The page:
Hundreds pass by what may be the most expensive house per square foot on Wrightsville Beach every day without a second’s notice. While the newly renovated Heide Trask Drawbridge control house may not illicit many double takes, the now state-of-the-art facility controls the lifeline to Wrightsville Beach.
Renovated for more than $650,000 as a state-funded component of the complete renovation of the historic drawbridge, the two-story control house was built on the footprint of the former structure.
Drawbridge controllers like Chuck Crawford are now able to sit behind a brightly colored panel of buttons, switches and knobs all while observing everything on and around the bridge high above the traffic.
Crawford is one of the four bridge operators in Wrightsville Beach and has supervised the two spans of the Heide Trask Drawbridge as they open and close for five years. Spending countless eight-hour shifts operating the bridge has provided him an intimate knowledge of its mechanical functions, and the droning thump thump of cars crossing onto the drawbridge’s steel grating has faded into the background.
“It is just like a brother or sister; you know every nuance with this bridge,” Crawford said. “After a while you just don’t really hear that any more. Probably the most annoying sound is the garbage trucks flying through here early in the morning … that spooks you a little.”
Crawford, 66, became a bridge tender 10 years ago after retiring from two different jobs and said it has proven to be a good fit for someone his age. However, there are a number of things he has to keep an eye on every time he opens and closes the bridge on the hour.
“It is a laid-back job but you just have to be very alert,” he said. “You have to make sure you are aware of everything that is going on and what is happening around you. You have a lot of pedestrians on this bridge too so you are not only watching the cars but you are watching the pedestrians and boat traffic, too.”
While they are usually uncommon, Crawford said the biggest things he has to watch for when opening or closing the bridge are cars not stopping for the traffic gates, pedestrians walking too close to the edge of the bridge spans and the occasional late-night wanderers. One night Crawford watched an inebriated pedestrian attempt to take a nap in the middle of the bridge.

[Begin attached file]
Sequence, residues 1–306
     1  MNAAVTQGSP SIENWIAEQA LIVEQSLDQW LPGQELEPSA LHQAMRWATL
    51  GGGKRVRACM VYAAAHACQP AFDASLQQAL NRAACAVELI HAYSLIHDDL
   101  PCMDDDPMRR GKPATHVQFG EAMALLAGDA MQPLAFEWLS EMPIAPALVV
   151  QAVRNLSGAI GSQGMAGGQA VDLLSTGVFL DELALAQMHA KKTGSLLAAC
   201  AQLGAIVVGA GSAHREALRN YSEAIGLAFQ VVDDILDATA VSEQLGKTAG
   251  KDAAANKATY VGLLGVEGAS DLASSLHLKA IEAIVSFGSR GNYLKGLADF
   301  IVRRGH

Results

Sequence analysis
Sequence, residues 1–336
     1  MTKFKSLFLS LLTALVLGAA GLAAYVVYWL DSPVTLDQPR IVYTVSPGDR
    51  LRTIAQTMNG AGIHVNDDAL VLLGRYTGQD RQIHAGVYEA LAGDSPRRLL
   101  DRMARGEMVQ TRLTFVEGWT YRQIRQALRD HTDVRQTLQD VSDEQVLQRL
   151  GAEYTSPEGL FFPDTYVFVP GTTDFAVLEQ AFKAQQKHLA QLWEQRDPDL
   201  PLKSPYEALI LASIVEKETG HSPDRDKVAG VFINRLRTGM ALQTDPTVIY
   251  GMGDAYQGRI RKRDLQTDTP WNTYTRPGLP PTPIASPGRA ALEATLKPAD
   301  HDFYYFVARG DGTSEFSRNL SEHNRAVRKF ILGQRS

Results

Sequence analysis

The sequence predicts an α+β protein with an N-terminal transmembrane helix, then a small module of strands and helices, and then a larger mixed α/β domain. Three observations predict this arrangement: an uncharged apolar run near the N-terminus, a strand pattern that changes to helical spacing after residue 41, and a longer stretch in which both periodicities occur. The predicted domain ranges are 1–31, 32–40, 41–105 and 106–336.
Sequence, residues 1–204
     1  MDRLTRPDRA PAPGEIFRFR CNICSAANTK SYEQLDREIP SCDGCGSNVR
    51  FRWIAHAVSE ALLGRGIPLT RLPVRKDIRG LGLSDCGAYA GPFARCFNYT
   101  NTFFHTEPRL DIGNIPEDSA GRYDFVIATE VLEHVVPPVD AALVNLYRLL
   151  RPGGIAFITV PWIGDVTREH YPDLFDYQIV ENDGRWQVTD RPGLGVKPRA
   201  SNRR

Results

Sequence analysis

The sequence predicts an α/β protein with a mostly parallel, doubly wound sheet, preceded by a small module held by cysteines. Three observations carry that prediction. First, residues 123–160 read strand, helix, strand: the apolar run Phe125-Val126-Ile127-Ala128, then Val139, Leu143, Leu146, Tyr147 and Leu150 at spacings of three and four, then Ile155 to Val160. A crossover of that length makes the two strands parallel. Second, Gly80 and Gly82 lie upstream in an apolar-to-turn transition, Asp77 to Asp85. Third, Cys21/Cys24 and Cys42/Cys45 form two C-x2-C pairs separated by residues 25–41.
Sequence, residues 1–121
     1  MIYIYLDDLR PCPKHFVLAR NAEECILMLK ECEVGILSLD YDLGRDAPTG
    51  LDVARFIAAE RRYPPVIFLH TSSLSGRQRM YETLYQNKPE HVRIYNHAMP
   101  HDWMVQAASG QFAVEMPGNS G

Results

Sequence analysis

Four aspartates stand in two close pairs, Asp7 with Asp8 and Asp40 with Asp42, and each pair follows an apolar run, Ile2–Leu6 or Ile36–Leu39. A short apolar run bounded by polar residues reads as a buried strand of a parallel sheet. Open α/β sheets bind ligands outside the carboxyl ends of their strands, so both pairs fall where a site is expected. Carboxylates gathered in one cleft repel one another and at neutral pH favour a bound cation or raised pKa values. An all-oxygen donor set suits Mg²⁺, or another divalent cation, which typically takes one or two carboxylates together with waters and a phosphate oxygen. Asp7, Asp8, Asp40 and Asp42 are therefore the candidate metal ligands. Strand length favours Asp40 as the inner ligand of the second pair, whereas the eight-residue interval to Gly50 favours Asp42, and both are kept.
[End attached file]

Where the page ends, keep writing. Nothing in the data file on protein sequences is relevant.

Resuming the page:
“I had to run out there with my orange vest to get the oncoming traffic to stop,” he said.
Like clockwork the drawbridge opens every hour on the hour and on demand for commercial vessels. Each time Crawford follows his steps: stops traffic, blasts the warning siren five times, looks again to make sure no one is in the way, opens the bridge, lowers the bridge, raises the gates and turns the traffic signals back to green.
The renovations of the control house have significantly upgraded the bridge controller’s visibility, and the ease with which he can operate the bridge and close it quickly in emergency situations.
However, the renovations did not come without a few stressful moments for the controllers having to worry about the construction crews working on and underneath the bridge.
“It was a wild ride,” Crawford said. “When you have 15-20 people working under the bridge and all kinds of construction up top without enough radios we really had to work out a system.”
The entire restoration of the Heide Trask Drawbridge cost $7.9 million and included a complete overhaul of the bridge’s gears and operating system.
North Carolina Department of Transportation resident engineer Wanda James said the funding used to keep the circa-1957 drawbridge functional was much cheaper than building a new bridge.
“I can’t count how many times someone has asked when we are going to build a new bridge because they think it is so easy,” James said. “Everyone says $7.9 million is a lot of money and it is, but not if we can keep this bridge running for another 40 years.”